The Press Article
That Supergrass Show
When you've got groovy Brit-pop tunes and witty one-liners, who needs Steven Spielberg to make you the next Monkees?
On the pilot episode of That Supergrass Show, things open up with the English trio's mutton-chopped frontman Gaz Coombes beaming over a half-naked image of himself on a Calvin Klein billboard hovering over the corner of Sunset and Vine. It's only a matter of moments before a starstruck throng chases the overnight pin-up boy sensation down the street and he has to run home for his life.
Then Gaz's landlord, C.J. Johnson (played by Chris Rock), gets word of his tenant's windfall and wants to raise the rent. Now Gaz, Supergrass's singer/guitarist, hasn't only been moonlighting for Calvin, but also violating his lease by allowing his two bandmates - quick-witted bassist Mick Quinn and absent-minded drummer Danny Goffey - to crash with him and help pay the already astronomical rent. When C.J. pays the boys a visit, they try to avoid being evicted and some leap-out-of-the-window wackiness ensues.
Ah, if only That Supergrass Show were more than a gleam in Steven Spielberg's eye. The E.T. auteur proposed the idea for a Monkees-like sitcom starring Supergrass (he even flew the band to "his Hollywood office at Universal to talk about it) capitalizing on the mania in the UK surrounding the invigoratingly randy 1995 debut / Should Coco (Capitol).
"We are young/ We are green," they sang exuberantly on the album's single "Alright," and they were. Gaz was a tender 18 and the other two in their 20s.
Who could blame Spielberg for his brainstorm? The "Alright" video featured the boys contorting their faces as if their flesh was Silly Putty and jumping up and down on a motorized bed. It also caused Calvin Klein to ask Gaz to model in his undies.
The band's teen-themed, razor-pop-laden debut was chock-full of episode possibilities, such as discovering glitzy nightlife or getting arrested for smoking pot at 15 and dealing with mom and dad when you got home. Supergrass's sophomore effort, the cynically titled 1997 album In It For The Money (Capitol), could have been the act's equivalent of the Monkees' trip flick Head - an alienating and artsy move designed to shatter the cuddly-cute image. Supergrass's record was a sprawling mess of paranoid, "they're-out-to-get-me" lyrics, thrashy guitars, swirling, seasick keyboard lines and apologetic acoustic guitar ballads.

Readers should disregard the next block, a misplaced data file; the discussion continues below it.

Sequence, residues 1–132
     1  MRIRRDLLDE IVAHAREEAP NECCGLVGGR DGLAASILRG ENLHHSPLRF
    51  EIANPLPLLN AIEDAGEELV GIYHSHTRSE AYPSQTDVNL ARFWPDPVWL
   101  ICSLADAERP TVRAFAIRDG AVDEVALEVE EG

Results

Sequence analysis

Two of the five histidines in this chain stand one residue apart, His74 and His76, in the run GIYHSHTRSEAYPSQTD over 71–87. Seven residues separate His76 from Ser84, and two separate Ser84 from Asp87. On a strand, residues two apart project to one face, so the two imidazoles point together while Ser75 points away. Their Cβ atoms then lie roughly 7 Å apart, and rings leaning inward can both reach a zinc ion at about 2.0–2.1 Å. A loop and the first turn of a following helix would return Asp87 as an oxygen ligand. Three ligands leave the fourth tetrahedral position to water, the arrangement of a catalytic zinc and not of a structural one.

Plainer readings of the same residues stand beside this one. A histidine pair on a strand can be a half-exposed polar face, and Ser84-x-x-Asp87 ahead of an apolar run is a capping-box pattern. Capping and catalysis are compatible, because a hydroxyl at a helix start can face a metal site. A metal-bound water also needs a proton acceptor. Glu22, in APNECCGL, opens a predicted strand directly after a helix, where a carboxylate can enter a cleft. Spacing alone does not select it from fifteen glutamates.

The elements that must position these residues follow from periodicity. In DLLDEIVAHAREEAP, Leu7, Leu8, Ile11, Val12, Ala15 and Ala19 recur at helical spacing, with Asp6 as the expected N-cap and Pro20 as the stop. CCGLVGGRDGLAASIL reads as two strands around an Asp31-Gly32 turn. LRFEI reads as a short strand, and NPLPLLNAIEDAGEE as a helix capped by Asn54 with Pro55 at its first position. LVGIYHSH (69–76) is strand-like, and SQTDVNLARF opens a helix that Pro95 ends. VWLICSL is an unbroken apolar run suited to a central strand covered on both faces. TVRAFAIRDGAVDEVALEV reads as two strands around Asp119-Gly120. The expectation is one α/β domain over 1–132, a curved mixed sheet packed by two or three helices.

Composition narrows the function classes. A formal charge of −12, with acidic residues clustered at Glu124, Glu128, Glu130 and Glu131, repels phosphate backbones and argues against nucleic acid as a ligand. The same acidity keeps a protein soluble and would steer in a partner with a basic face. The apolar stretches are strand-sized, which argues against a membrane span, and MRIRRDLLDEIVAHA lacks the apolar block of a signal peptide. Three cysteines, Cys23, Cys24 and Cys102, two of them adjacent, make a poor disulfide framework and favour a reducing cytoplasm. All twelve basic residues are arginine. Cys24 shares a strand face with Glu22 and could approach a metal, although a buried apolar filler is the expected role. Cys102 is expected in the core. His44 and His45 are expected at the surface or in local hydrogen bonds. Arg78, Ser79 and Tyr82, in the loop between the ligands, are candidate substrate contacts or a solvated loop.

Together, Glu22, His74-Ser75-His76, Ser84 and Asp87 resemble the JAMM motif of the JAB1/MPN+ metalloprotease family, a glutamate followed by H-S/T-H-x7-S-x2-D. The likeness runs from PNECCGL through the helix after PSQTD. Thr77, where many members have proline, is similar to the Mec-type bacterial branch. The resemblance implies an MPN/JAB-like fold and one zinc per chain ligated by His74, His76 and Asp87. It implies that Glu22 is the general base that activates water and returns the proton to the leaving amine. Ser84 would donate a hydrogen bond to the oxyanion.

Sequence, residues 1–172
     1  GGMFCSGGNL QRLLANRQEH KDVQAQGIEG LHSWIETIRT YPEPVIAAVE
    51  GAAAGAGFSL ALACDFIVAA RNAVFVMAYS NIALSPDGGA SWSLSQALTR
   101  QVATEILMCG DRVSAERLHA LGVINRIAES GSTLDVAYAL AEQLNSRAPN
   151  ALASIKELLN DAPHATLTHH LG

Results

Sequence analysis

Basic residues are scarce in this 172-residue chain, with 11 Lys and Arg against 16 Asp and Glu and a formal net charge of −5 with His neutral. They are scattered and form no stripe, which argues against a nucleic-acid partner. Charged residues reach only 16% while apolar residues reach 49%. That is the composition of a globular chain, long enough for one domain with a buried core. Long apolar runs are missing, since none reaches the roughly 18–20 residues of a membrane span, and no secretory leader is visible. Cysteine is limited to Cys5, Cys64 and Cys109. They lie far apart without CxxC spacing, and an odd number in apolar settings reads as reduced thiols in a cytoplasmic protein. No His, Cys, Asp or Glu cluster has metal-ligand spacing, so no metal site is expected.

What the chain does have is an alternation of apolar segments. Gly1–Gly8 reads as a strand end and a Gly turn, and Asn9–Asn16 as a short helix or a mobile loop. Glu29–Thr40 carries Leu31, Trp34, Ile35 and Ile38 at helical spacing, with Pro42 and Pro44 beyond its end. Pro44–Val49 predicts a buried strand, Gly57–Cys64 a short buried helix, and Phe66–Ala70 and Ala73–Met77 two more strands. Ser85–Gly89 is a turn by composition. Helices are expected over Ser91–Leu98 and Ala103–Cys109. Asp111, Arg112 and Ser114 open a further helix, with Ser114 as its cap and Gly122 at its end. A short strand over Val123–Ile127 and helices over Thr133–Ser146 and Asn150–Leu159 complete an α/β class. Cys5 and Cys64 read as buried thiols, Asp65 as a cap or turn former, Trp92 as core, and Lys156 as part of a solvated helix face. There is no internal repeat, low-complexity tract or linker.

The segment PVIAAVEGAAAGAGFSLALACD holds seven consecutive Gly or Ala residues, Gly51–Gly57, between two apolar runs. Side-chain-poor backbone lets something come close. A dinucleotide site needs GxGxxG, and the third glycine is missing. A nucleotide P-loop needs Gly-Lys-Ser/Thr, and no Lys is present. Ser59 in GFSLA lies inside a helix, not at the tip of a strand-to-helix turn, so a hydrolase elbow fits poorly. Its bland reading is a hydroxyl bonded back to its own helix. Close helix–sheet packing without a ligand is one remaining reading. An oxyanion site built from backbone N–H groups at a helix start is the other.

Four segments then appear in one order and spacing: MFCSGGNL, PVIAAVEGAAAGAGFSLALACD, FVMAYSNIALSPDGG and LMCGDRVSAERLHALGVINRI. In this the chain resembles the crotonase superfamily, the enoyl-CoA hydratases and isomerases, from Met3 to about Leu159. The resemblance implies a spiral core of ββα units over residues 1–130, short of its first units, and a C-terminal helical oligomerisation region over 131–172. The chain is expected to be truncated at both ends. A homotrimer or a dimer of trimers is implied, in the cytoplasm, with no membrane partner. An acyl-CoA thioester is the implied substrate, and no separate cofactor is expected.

America turned its back on these works and England opened its arms. Both albums went platinum in the UK, and Supergrass became NME and Melody Maker darlings.
Five years after saying no to Steven and Calvin, the trio is seated on a fat, black leather couch in an eerily hip Manhattan hotel. Candlelit at 10 a.m., the backdrop is clearly a refuge for cell phone vampires, the type who probably love Supergrass but wouldn't exactly hang out in the band's favorite pub.
The band still oozes everyday mod cool. Danny's shag is spiky, Mick's is overgrown and Gaz's signature chops and manicured stubble distinguish him from the others. Older (Danny is 26, Mick is 30 and Gaz is 23) and two albums wiser, the band has split with Capitol, refined its sound, and released the self-titled Supergrass on Island Def Jam. What episodes could Spielberg have storyboarded for their third effort?
"This time it's about going to a bar and having a bad time," Danny says laughing. There are also plenty of religious references. "Probably from listening to soul music," figures Mick. Gaz tries to deny any religious connotations. "Jesus Came From Outer Space" is a piss-take on religion, explains Danny. Soon, the three square off about the point in believing in anything other than yourself, perhaps a tad heavy for Must See TV. Mick points to Lou Reed as the inspiration for "Jesus."